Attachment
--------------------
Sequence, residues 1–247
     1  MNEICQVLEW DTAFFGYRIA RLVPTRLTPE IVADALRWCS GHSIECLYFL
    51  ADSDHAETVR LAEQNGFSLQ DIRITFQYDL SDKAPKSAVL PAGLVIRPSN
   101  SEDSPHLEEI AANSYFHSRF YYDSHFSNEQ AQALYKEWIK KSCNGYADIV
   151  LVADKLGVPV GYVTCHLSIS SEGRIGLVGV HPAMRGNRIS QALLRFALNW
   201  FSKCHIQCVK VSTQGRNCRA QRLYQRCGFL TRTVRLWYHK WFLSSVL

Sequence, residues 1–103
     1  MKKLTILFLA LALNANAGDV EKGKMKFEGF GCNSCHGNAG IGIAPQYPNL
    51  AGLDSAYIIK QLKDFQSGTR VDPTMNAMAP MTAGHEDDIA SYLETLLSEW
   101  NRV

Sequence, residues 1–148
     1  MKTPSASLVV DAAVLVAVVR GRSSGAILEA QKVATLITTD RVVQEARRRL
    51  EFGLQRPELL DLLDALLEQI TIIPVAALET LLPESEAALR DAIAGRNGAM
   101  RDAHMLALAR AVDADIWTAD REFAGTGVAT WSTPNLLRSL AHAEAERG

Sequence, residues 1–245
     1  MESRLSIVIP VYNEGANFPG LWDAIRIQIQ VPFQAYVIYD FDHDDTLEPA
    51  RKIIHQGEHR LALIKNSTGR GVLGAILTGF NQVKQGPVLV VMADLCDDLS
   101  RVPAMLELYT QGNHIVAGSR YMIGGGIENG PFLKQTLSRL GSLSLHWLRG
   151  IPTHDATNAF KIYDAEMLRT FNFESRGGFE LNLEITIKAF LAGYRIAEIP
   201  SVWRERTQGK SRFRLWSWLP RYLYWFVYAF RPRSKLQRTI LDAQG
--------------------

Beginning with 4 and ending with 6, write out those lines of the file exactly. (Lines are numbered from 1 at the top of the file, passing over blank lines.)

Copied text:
   101  SEDSPHLEEI AANSYFHSRF YYDSHFSNEQ AQALYKEWIK KSCNGYADIV
   151  LVADKLGVPV GYVTCHLSIS SEGRIGLVGV HPAMRGNRIS QALLRFALNW
   201  FSKCHIQCVK VSTQGRNCRA QRLYQRCGFL TRTVRLWYHK WFLSSVL